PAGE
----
Moving On The Community Radio Track

September 18, 2008
4 mins read

In 2004, I received an invitation from Akin Akingbulu, who heads the Institute of Media and Society, a Lagos-based NGO, to participate in an initiative for community broadcasting in Nigeria. Other members of the steering committee include Prof. Umaru Pate of the Department of Mass Communication, University of Maiduguri; Edetaen Ojo, Lawyer and Founder of the NGO, Medica Rights Agenda; Mirian Menkiti of Radio Nigeria, Enugu; Dapo Olorunyomi, erstwhile Chief of Staff to the Chairman of EFCC.


The central idea was a very simple one; let us begin advocacy and education about the need for the Nigerian people to have access to low-powered radio broadcasting, based at cccng to the media needs of grassroots communities, away from the urban-based biases of state owned broadcasting organs or the commercial intentions of the privately-owned frequency modulated (FM) outfits found in the main commercial cities of the country. It was also realised that community broadcasting was one of the main achievements of the new wasve of democratization, which swept French-speaking West Africa in the early 1990s.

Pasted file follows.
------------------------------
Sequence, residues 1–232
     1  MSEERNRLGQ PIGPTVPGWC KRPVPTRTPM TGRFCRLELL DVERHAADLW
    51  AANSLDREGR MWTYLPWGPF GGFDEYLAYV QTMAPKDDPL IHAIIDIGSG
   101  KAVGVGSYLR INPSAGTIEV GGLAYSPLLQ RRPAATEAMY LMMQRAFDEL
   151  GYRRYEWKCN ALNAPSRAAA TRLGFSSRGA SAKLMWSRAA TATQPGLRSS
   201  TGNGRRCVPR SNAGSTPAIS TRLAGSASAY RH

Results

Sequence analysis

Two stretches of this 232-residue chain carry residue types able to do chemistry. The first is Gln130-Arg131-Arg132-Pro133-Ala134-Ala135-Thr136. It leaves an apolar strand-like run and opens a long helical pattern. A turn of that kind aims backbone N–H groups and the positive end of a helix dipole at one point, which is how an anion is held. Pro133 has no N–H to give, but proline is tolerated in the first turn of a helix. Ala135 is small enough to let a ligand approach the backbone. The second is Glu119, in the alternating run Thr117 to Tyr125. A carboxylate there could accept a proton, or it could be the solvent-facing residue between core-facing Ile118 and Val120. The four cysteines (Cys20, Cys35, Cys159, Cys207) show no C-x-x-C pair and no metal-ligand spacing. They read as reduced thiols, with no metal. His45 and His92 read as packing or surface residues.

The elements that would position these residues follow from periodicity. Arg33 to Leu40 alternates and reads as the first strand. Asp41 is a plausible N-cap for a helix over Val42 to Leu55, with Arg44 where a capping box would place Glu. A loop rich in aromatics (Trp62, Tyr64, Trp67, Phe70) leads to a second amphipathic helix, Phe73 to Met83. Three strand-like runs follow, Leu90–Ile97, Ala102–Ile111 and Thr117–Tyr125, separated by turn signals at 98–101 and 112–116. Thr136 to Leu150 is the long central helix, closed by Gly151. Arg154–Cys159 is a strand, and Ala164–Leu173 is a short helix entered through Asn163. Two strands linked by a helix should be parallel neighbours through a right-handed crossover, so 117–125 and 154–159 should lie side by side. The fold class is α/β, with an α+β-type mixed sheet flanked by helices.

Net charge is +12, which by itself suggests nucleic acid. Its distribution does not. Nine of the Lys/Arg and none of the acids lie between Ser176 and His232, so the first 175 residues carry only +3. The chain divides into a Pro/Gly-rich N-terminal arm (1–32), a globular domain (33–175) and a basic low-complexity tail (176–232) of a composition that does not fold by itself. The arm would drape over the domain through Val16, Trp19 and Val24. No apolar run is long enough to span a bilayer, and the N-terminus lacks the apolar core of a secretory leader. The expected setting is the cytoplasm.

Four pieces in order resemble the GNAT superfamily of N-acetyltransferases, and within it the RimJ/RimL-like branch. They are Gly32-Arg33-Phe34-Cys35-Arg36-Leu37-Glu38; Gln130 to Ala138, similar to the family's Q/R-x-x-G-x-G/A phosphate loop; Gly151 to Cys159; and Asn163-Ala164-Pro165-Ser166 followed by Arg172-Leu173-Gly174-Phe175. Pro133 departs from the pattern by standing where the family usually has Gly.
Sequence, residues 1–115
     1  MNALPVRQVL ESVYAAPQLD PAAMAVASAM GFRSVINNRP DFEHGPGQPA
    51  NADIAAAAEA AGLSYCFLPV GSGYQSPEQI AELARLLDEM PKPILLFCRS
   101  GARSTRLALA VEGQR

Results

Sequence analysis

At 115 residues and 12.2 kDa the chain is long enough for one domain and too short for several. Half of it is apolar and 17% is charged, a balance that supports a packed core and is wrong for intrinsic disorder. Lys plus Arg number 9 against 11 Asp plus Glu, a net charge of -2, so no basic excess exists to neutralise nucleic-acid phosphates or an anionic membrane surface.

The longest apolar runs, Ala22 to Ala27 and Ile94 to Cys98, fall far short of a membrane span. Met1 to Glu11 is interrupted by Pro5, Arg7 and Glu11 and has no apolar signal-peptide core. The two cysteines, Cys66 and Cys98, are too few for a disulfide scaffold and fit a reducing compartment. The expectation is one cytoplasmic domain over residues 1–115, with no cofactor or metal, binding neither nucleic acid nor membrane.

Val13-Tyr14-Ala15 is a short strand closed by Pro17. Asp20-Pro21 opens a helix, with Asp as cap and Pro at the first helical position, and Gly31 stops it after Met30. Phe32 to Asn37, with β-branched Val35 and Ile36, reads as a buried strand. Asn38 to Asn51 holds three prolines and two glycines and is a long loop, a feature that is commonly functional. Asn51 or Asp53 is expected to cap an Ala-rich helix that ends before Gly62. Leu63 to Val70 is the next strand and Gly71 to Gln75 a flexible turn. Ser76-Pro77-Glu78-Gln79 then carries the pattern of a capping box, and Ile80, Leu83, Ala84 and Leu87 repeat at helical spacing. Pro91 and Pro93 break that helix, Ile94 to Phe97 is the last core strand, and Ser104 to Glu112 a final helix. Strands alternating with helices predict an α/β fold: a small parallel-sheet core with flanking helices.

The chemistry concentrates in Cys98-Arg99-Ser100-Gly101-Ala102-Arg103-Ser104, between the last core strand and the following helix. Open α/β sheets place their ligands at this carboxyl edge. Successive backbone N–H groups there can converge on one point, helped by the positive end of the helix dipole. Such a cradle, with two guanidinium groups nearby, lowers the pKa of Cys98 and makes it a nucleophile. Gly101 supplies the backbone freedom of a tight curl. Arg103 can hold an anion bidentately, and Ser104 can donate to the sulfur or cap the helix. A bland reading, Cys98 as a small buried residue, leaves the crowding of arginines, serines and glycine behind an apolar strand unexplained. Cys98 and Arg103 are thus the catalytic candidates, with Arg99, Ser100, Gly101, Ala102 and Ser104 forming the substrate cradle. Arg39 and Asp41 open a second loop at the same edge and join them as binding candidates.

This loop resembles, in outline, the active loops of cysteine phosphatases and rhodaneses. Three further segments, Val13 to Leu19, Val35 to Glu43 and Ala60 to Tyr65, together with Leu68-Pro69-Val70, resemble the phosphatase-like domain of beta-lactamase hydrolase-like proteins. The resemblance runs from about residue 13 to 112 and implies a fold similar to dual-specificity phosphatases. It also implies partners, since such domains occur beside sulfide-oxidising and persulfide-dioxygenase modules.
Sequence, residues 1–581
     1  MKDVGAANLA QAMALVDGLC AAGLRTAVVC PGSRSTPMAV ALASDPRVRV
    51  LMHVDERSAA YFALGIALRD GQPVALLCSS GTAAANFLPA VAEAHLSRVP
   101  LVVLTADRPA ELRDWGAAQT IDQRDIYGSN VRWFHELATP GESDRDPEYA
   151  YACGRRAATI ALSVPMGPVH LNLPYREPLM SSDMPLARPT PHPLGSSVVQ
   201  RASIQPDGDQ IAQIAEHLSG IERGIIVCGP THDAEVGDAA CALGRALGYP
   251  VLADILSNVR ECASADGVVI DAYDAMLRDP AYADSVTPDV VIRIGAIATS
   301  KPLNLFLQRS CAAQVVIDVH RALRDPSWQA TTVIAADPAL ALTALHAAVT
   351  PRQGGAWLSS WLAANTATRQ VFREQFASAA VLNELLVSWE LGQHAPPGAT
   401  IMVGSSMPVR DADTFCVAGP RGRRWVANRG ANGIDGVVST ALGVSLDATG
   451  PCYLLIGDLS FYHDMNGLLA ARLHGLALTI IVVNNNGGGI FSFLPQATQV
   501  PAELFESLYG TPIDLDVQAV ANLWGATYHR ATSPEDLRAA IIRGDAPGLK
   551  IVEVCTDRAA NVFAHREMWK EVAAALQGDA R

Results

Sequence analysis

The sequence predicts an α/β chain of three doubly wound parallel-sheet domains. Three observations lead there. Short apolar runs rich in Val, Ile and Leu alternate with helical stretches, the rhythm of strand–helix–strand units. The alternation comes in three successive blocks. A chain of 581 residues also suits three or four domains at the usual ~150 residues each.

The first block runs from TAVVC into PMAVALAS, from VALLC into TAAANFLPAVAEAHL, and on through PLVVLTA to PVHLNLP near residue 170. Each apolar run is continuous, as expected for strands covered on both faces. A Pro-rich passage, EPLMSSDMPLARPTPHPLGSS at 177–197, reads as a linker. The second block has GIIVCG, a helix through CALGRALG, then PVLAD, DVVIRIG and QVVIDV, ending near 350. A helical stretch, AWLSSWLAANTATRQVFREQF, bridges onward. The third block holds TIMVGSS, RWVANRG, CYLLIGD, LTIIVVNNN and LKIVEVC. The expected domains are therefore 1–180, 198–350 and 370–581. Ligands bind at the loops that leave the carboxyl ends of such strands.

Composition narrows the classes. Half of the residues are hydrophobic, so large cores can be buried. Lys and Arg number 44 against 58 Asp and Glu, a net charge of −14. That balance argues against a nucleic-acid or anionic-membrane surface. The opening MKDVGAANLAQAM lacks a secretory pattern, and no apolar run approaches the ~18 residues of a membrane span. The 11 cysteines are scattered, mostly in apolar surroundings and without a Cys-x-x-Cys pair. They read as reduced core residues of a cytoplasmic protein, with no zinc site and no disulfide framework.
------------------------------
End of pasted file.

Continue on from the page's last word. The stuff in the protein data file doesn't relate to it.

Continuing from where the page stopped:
The story was a profoundly earth-shaking one, because activists in Mali, had gone out of their way to establish a small, low-powered station in the heart of the market in Bamako, Mali, which was to have a profound impact not only on Malian society, but on the way radio broadcasting was handled all around West Africa, forever. It was a very intrepid friend of mine, Modibbo Sidibe and his colleagues who established Radio Bamakan which broadcast live in Bambara, the main language of Mali, the proceedings of the National Conference, which was instituted at the end of the dictatorship of President Moussa Traore. Simple folks, urban based workers, griots and local musicians, politicians and activists, all found in the simple radio station, an outlet for the filtering of their concerns; the mobilization of people for community-based action and an alternative perspective ongoings-on around them. The fact that most of the broadcasts came in local language also added to the popularity of Radio Bamakan, and that triggered a positive, copy cat attitude all over Mali. At the same time, the democratic management of the spectrum of broadcasting was instituted, and today, Mali has the largest number of radio stations in Africa, along with perhaps the most progressive and most democratic, media legislative regime on the continent of Africa.